Published: 00:00, 17 February 2018
| Updated: 11:35, 17 February 2018
Kent's very own gold medallist Lizzy Yarnold made sporting history today by becoming the first British Winter Olympian to retain her crown.
The former Maidstone Grammar School for Girls student, from West Kingsdown, held on to the skeleton title in a nail-biting battle in South Korea which saw her set a track record of 51.46 and an overall time of 3:27:28 - and revealed she nearly pulled out.
Yarnold, who was awarded an MBE following her achievements in 2014's Winter Games, took the race to an intense fourth heat decider in PyeongChang today, knocking the leading Austrian athlete Janine Flock into fourth position.
Following the win, the 29-year-old declared that she had been suffering from a painful chest infection which nearly ended her hopes of defending the title as she considered quitting the competition.
Talking to Matthew Pinsent, she said: "Yesterday after the first run I almost pulled out of the competition because my chest infection was so uncomfortable and I couldn't breathe.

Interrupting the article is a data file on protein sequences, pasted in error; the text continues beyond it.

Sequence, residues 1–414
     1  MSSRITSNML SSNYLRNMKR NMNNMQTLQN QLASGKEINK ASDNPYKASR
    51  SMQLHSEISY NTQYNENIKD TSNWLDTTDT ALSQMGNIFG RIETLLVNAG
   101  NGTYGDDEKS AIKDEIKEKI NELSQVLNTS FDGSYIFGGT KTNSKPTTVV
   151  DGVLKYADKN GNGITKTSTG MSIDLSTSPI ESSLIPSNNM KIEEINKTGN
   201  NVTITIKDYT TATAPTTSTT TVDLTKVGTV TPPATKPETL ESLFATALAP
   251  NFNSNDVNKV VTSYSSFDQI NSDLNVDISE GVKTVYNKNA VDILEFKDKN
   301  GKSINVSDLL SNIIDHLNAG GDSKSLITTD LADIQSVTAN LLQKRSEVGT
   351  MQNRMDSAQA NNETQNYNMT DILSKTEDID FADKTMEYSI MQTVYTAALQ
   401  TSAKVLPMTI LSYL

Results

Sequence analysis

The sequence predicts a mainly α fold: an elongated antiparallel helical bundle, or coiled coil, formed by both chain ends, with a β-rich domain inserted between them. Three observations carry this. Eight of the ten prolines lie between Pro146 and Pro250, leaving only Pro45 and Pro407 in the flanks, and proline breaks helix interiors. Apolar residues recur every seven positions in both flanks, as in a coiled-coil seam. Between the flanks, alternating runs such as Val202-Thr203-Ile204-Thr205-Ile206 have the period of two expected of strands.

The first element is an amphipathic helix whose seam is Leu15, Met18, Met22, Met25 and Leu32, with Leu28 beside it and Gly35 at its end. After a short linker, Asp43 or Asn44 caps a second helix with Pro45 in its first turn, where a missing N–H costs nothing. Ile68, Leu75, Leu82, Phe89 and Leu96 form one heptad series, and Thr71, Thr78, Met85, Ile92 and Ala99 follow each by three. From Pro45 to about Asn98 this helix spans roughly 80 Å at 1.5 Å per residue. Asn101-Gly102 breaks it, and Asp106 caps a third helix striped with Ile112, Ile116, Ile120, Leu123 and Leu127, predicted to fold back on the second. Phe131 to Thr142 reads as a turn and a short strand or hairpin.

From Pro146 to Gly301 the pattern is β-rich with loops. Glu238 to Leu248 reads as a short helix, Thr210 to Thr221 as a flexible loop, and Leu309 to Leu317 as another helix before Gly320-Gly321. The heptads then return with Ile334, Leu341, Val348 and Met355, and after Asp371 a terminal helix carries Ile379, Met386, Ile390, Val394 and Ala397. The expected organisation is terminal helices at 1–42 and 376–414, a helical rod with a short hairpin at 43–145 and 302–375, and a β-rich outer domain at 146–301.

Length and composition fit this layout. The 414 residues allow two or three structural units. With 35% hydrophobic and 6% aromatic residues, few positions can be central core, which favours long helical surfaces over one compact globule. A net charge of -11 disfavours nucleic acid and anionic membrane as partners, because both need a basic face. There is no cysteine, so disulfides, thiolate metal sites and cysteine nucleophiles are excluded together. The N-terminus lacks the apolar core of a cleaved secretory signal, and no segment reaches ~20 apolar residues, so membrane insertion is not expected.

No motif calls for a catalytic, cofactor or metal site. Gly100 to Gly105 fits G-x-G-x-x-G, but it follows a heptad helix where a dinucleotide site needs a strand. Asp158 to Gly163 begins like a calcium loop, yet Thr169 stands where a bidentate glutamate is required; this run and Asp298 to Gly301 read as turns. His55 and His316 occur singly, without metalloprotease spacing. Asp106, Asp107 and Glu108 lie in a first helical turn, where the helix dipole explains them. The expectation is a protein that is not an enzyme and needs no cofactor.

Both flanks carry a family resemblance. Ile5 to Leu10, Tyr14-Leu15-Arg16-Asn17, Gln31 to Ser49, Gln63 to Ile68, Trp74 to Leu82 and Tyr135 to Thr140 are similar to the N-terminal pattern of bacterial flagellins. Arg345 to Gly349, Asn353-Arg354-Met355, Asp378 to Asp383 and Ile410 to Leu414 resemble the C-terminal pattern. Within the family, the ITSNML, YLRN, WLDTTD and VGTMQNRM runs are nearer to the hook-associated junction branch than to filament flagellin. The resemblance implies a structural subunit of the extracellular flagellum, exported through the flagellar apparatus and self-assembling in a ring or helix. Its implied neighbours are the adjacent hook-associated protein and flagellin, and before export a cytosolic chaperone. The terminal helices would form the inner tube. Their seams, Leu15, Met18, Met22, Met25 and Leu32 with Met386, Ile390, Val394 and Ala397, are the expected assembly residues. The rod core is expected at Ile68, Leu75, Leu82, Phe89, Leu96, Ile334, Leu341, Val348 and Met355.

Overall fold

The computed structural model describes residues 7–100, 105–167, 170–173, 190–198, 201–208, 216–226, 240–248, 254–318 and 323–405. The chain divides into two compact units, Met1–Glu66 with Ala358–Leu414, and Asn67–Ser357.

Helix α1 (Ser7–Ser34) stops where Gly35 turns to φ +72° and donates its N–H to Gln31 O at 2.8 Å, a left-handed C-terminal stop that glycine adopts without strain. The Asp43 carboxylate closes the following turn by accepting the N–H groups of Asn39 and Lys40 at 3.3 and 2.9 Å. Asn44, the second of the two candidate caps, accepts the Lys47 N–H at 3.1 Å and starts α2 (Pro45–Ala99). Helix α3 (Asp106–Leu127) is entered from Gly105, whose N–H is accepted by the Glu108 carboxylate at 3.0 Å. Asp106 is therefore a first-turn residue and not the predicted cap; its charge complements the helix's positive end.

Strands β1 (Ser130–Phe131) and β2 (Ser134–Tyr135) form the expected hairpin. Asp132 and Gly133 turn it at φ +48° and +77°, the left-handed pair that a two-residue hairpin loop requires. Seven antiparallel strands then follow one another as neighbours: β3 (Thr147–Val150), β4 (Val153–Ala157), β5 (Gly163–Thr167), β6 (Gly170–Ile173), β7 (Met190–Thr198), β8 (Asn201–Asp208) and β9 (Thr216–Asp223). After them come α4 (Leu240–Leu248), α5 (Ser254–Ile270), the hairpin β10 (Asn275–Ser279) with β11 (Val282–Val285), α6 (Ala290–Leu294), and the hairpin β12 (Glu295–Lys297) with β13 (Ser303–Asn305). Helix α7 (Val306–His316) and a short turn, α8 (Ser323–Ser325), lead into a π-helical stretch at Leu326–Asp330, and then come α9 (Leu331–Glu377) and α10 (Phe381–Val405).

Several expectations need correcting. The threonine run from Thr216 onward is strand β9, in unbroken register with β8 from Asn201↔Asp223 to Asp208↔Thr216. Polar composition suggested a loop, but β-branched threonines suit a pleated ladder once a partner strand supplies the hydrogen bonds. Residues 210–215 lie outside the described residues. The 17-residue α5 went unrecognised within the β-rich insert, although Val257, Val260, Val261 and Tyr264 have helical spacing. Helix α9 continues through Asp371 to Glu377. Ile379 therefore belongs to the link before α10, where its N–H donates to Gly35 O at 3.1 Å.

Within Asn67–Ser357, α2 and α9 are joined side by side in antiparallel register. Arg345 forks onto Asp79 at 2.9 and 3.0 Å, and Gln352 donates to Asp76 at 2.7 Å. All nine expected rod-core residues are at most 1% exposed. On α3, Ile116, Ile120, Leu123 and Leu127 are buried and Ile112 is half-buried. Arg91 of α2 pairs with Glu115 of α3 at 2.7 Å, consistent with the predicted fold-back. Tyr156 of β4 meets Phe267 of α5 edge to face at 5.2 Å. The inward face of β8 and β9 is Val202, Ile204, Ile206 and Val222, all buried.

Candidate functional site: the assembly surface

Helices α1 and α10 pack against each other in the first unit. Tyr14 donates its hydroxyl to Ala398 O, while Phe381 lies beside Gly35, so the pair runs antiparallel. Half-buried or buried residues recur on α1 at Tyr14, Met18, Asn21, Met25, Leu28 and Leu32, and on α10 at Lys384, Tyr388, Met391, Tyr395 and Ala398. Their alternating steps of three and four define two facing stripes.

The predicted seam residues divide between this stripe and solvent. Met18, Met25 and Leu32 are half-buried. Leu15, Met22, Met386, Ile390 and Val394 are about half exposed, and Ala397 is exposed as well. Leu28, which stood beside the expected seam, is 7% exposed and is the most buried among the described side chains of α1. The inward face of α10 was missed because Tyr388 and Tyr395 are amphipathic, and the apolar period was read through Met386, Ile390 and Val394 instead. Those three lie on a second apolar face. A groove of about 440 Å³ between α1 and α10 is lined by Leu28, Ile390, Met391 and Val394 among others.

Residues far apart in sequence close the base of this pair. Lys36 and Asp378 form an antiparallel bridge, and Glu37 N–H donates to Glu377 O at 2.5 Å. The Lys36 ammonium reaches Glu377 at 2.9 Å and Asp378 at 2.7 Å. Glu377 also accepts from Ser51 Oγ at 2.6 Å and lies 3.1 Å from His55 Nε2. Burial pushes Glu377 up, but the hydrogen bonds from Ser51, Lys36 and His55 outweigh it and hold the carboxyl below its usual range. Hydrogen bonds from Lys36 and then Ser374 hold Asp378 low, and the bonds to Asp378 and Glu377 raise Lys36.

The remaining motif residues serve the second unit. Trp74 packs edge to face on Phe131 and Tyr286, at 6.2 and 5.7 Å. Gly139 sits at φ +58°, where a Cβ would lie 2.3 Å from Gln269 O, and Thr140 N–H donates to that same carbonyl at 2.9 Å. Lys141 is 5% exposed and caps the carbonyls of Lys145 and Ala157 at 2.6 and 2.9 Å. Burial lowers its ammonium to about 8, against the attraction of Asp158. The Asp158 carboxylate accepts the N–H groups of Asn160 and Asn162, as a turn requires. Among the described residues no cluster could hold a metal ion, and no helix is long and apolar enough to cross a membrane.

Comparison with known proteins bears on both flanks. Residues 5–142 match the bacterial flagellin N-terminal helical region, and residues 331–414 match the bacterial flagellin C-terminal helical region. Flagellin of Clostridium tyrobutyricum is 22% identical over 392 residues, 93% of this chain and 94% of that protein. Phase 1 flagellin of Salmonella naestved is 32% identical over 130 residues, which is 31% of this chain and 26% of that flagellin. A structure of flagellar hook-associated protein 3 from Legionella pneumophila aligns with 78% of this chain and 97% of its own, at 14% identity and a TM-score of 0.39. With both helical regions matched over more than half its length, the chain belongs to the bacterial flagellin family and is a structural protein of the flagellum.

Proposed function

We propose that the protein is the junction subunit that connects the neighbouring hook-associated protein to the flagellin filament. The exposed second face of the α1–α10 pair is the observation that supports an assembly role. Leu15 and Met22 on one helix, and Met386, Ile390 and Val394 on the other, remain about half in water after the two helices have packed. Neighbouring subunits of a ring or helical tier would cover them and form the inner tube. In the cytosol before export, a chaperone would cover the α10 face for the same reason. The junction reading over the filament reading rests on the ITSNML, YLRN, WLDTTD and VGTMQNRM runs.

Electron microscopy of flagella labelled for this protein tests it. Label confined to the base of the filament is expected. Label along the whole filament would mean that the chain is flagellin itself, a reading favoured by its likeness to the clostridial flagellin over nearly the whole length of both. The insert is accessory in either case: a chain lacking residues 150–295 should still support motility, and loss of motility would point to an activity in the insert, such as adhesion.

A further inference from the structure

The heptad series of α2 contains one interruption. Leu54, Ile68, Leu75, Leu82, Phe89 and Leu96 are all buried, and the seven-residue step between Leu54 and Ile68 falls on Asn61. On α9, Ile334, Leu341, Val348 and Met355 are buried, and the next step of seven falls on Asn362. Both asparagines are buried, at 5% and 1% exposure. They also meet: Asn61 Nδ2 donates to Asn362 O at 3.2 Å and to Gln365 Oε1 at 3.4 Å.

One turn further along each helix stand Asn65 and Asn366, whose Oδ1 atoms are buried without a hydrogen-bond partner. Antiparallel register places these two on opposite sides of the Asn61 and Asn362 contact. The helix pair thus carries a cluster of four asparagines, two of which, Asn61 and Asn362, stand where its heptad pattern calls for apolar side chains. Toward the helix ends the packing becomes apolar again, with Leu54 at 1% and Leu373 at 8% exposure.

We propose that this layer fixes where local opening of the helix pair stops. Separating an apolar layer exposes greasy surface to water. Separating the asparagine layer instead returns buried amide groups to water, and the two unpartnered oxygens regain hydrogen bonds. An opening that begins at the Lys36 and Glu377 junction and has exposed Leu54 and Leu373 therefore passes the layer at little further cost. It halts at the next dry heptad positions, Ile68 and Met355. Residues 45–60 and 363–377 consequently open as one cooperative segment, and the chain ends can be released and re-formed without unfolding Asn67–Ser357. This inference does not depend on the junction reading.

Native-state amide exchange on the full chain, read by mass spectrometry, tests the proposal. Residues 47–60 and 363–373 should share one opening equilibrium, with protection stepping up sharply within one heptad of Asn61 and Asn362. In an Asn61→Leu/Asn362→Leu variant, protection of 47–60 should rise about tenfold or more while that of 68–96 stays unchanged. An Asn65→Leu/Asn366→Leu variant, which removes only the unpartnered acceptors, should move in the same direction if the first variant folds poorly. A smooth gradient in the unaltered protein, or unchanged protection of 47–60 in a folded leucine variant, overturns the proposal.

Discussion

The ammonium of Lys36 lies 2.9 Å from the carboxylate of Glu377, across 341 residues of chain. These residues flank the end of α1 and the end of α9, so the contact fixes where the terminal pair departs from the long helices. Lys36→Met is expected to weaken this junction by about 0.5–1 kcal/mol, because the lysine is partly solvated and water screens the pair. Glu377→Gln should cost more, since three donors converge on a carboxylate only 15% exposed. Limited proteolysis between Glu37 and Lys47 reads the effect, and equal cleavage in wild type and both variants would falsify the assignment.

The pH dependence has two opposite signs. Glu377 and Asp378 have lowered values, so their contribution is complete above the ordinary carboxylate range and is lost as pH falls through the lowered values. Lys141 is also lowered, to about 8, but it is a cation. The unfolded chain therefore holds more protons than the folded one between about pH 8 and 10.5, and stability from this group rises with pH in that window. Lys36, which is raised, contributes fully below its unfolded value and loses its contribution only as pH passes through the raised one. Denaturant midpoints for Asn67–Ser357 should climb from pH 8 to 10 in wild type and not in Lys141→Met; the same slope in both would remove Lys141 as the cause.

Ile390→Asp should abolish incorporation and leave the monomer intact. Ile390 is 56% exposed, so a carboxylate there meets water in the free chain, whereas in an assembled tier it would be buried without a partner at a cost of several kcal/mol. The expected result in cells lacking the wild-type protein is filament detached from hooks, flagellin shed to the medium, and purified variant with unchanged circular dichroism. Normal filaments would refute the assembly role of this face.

"My physio Louise just gave me a talking to and said 'you can do it, you can do it' and if it wasn't for every single one on the team I wouldn't be here right now."
Yarnold was joined on the podium by fellow Team GB competitor Laura Deas, with the pair taking Gold and Bronze respectively.
Yarnold led Team GB's 59 Olympians out during the opening cermeony last week, the second time she was selected to be Flagbearer for Team TB, having done the job at the closing ceremony at Sochi in 2014.
She said of the honour: "My first reaction when I was asked to be Flagbearer was complete excitement and I’m really proud to march in front of the whole team.
"There are so many talented athletes competing here for Team GB at this Olympic Games and hopefully this can be the start of our most successful ever Winter Olympics.”
She told the BBC's Clare Balding before the race: "Everything is completely heightened; sound, sight, smell, everything.
"All this information is coming together to try and have the fastest run, it's like an orchestra of information."
She said she didn't realise how much of a toll intensive training would take, but added: "I love being an athlete.
"You never know what's going to happen until the finishing line.
"Everything is just done to the best of my ability. In all of life I just have huge expectation or hope for myself."
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